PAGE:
Search Blog
  • Alan Fustey
  • Becky Wong
  • Bert Griffin
  • Blair MacDougall
  • Blake Goldring
  • Brett Baughman
  • Camillo Lento
  • Chris Delaney
  • Cynthia Kett
  • Darren Long
  • Desmond Jordan
  • Don Shaughnessy
  • Doug Lamb
  • Ed Olkovich
  • Eva Sachs
  • Evelyn Jacks
  • Gail Bebee
  • Gerald Trites
  • Gordon Brock
  • Guy Conger
  • Guy Ward
  • Heather Phillips
  • Ian Burns
  • Ian R. Whiting
  • Ian Telfer
  • Jack Comeau
  • James Dean
  • James West
  • Jeffrey Lipton Fairmont Gloucester
  • Jim Ruta
  • Jim Yih
  • Joe White
  • Jonathan Chevreau
  • Kenneth Eng
  • Larry Weltman
  • Malvin Spooner
  • Mark Borkowski
  • Marty Gunderson
  • Michael Kavanagh
  • Monty Loree
  • Nick Papapanos
  • Norma Walton
  • Pat Bolland
  • Patrick O’Meara
  • Paul Brent
  • Peter Deeb
  • Peter Lantos
  • Riaz Mamdani
  • Richard Crenian
  • Richard Warke
  • Rick Atkinson
  • Rob Peers
  • Robert Bird
  • Robert Gignac
  • Sam Albanese
  • Stephane Ruah
  • Steve Nyvik
  • Steve Selengut
  • Tammy Johnston
  • Terry Cutler
  • Trade With Kavan
  • Trevor Parry
  • Trindent Consulting
  • Wayne Wile
  • Categories
    October 2013
    M T W T F S S
    « Sep   Nov »


    More Real Reasons Not to Do Any Estate Planning – Part 2

    Ed Olkovich

    Think you have good reasons for not making an estate plan?

    You may have reasons that raise legitimate questions. But sometimes a reason is an excuse to avoid making decisions.

    Let me help you overcome your excuses. I’ll give you answers to help you protect your family and act.

    Excuse 4: Making a will is scary… I’m afraid of making a mistake.

    “Online will forms are confusing.”

    “I want to use a will kit but I don’t know what kind of will I need.”

    “I am afraid to spend money on hiring a lawyer. I want to save money.”

    “I can wait until I really need a will.”

    Answer: Why do you have a spare tire in your trunk? You really don’t need it until you have a flat tire. But every car has a spare tire for a reason; you need protection. You need it in case an accident happens. Invest in a lawyer-prepared will. The protection is pennies a day. I tell everyone that you can find a lawyer in every price range. Most do-it-yourself wills usually lead to complications never intended by will makers.

    Excuse 5: I’m afraid to talk about money with my family.

    “I’m afraid this kind of talk will only start an argument.”

    Answer: You may be right. Money is a taboo subject in many families. This risk may be worse with a blended family. There, competition for attention and money can generate Oscar-worthy performances.

    A lot of financial writers advocate open money discussion.

    My answer to that advice is every family is different. I understand why some clients want to avoid the subject altogether. When someone in a family dies, the disruption changes lives. Families often need lawyers because they could never talk to one another.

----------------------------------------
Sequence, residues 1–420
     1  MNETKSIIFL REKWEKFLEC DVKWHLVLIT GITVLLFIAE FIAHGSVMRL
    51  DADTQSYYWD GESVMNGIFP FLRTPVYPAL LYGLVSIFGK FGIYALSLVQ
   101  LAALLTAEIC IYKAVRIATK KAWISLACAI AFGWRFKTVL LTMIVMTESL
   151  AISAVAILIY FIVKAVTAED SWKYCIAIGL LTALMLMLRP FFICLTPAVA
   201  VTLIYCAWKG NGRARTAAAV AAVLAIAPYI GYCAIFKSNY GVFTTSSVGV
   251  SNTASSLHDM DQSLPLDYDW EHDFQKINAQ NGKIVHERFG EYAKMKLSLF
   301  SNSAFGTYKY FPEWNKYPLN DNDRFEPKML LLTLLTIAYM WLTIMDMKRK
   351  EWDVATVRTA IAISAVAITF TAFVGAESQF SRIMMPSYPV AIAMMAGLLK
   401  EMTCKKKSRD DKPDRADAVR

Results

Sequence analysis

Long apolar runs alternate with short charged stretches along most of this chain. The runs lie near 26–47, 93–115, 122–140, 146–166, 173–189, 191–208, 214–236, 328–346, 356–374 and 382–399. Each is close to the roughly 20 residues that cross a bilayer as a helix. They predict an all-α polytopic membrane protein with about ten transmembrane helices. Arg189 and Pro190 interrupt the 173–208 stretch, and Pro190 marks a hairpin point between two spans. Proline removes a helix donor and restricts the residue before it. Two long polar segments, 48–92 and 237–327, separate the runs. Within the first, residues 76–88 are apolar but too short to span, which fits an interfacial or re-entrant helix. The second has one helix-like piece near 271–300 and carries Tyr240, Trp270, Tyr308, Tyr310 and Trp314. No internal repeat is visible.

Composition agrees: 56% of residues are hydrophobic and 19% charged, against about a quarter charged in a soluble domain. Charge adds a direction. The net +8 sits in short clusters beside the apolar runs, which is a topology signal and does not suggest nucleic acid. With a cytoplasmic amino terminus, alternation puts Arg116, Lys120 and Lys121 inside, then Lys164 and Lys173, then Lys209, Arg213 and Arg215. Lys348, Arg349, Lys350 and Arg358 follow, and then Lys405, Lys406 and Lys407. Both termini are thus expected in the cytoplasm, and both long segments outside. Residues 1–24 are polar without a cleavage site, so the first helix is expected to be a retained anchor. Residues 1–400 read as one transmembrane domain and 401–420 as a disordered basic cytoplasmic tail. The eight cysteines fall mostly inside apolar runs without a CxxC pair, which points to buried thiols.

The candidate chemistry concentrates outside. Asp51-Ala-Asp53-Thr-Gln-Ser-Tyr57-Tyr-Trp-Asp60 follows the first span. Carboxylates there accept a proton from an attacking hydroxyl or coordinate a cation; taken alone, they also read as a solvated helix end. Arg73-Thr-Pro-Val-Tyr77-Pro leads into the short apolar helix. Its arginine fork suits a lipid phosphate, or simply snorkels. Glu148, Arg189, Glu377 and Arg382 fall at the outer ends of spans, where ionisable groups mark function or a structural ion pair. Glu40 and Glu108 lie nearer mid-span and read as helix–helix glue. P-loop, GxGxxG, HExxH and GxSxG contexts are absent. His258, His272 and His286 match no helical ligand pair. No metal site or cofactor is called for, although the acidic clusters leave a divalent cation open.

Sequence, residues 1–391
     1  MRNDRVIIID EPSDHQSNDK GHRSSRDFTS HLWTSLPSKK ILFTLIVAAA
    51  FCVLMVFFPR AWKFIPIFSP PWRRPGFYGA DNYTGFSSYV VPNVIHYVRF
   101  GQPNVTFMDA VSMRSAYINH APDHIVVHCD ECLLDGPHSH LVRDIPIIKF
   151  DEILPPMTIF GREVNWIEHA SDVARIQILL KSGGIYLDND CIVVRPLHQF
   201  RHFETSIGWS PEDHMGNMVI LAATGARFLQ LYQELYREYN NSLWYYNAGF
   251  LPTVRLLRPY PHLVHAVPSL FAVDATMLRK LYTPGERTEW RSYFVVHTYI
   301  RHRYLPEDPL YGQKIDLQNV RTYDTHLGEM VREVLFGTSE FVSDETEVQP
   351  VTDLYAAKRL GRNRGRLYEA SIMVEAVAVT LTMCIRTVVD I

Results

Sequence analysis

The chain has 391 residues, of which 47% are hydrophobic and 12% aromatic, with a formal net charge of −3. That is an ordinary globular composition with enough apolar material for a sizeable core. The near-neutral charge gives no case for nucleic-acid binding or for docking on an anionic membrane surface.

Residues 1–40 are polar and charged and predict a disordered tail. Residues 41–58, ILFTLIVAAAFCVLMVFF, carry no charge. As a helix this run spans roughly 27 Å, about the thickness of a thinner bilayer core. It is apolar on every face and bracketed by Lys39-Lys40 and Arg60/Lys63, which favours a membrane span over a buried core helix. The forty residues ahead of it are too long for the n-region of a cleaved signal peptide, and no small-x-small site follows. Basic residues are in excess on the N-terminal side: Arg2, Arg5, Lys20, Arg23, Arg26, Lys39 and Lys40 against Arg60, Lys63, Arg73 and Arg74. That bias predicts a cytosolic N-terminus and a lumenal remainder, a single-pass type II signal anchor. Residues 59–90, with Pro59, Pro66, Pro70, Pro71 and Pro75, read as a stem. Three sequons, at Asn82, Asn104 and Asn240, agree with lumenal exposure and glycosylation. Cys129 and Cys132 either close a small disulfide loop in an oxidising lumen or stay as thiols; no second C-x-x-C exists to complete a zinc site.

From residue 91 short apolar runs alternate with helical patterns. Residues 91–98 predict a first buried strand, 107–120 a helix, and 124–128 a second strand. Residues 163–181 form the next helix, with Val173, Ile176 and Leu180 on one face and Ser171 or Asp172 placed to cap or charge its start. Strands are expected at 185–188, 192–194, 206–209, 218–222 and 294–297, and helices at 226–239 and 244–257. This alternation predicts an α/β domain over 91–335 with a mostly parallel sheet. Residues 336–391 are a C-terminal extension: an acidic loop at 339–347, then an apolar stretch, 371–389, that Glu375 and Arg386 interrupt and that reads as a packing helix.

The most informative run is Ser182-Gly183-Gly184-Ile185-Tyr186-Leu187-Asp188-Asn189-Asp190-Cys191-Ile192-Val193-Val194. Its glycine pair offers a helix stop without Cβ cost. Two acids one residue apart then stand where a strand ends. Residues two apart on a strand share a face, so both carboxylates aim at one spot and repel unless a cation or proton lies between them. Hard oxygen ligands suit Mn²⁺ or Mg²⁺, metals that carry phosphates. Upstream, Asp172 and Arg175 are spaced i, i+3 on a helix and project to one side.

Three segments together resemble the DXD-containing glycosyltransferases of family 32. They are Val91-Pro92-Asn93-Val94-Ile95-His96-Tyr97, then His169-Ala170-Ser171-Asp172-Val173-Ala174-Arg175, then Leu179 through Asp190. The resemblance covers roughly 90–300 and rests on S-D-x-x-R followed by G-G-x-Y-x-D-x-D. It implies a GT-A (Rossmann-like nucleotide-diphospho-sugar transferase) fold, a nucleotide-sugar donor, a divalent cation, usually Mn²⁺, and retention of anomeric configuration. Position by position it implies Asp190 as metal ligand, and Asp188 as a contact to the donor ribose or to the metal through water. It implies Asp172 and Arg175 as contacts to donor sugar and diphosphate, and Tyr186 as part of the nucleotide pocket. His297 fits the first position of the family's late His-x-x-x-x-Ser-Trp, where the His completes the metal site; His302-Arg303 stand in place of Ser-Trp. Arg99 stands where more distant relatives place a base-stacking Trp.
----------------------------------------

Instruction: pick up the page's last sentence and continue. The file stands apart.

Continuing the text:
Excuse 6: I don’t know what will happen to my business if I die.

    “Who will run my business if I die?”

    “Will my partners have the money to buy my share of the business?”

    “Do I need a shareholders agreement with insurance to provide for my family?”

    Answer: You need a contingency plan even if you don’t have a succession plan. You will want powers of attorney for property. You can designate someone to control the business bank account if you are a sole proprietor.

    Are you running a small business by yourself? If you die without a will, your business account will be frozen. No one will have authority to even draw money out of the account.

    You can set up a trust or a will to deal with your business. Give your trustees power to operate the business until it is sold.

    Use an estate plan to reduce taxes from the sale of the business. That leaves more money for your loved ones.

    Excuse 7: Everything in my life keeps changing.

    “I can’t keep up with my children’s needs, money for school or their marriages.”

    “I’m still paying for my divorce.”

    “I don’t know if my new relationship will work out.”

    Answer: Estate plans are not cut in stone for a reason. Things change. Every time your relationships, assets and beneficiaries change, you must update your plan. It may be a simple and inexpensive change. You may need to change the beneficiary of your life insurance, RSP or pension plan. You can do this without any expense.

    Remember, estate planning is what you do for loved ones you leave behind.  Read the 7 Keys to Successful Estate Planning here.

    Edward Olkovich (BA, LLB, TEP, and C.S.) is an Ontario lawyer, nationally recognized author and estate expert. He is a Toronto based Certified Specialist in Estates and Trusts. Edward has practiced law since 1978 and is the author of seven estate books. © 2013

    The MONEY® Network